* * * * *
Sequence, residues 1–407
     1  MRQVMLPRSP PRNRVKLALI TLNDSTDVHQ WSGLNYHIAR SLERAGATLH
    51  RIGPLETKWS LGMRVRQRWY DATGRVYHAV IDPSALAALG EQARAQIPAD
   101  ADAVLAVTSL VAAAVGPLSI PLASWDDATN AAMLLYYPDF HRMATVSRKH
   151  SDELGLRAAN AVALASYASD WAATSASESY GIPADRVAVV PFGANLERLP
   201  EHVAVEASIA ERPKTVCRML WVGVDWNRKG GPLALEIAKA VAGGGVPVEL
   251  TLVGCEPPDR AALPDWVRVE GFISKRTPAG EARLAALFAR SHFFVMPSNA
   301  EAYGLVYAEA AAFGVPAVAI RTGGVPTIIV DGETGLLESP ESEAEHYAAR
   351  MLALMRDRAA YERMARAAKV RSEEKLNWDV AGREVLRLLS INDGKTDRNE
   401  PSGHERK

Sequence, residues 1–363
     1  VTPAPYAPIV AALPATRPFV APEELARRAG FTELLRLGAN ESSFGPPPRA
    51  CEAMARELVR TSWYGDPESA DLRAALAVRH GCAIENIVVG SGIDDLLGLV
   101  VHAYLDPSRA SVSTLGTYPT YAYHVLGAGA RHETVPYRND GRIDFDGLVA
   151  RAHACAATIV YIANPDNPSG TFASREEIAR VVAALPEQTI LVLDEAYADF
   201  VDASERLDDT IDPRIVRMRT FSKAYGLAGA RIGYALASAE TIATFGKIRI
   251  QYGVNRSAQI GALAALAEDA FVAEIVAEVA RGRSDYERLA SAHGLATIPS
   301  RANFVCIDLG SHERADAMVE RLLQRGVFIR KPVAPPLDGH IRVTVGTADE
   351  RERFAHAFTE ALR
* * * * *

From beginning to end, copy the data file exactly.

Sequence, residues 1–407
     1  MRQVMLPRSP PRNRVKLALI TLNDSTDVHQ WSGLNYHIAR SLERAGATLH
    51  RIGPLETKWS LGMRVRQRWY DATGRVYHAV IDPSALAALG EQARAQIPAD
   101  ADAVLAVTSL VAAAVGPLSI PLASWDDATN AAMLLYYPDF HRMATVSRKH
   151  SDELGLRAAN AVALASYASD WAATSASESY GIPADRVAVV PFGANLERLP
   201  EHVAVEASIA ERPKTVCRML WVGVDWNRKG GPLALEIAKA VAGGGVPVEL
   251  TLVGCEPPDR AALPDWVRVE GFISKRTPAG EARLAALFAR SHFFVMPSNA
   301  EAYGLVYAEA AAFGVPAVAI RTGGVPTIIV DGETGLLESP ESEAEHYAAR
   351  MLALMRDRAA YERMARAAKV RSEEKLNWDV AGREVLRLLS INDGKTDRNE
   401  PSGHERK

Sequence, residues 1–363
     1  VTPAPYAPIV AALPATRPFV APEELARRAG FTELLRLGAN ESSFGPPPRA
    51  CEAMARELVR TSWYGDPESA DLRAALAVRH GCAIENIVVG SGIDDLLGLV
   101  VHAYLDPSRA SVSTLGTYPT YAYHVLGAGA RHETVPYRND GRIDFDGLVA
   151  RAHACAATIV YIANPDNPSG TFASREEIAR VVAALPEQTI LVLDEAYADF
   201  VDASERLDDT IDPRIVRMRT FSKAYGLAGA RIGYALASAE TIATFGKIRI
   251  QYGVNRSAQI GALAALAEDA FVAEIVAEVA RGRSDYERLA SAHGLATIPS
   301  RANFVCIDLG SHERADAMVE RLLQRGVFIR KPVAPPLDGH IRVTVGTADE
   351  RERFAHAFTE ALR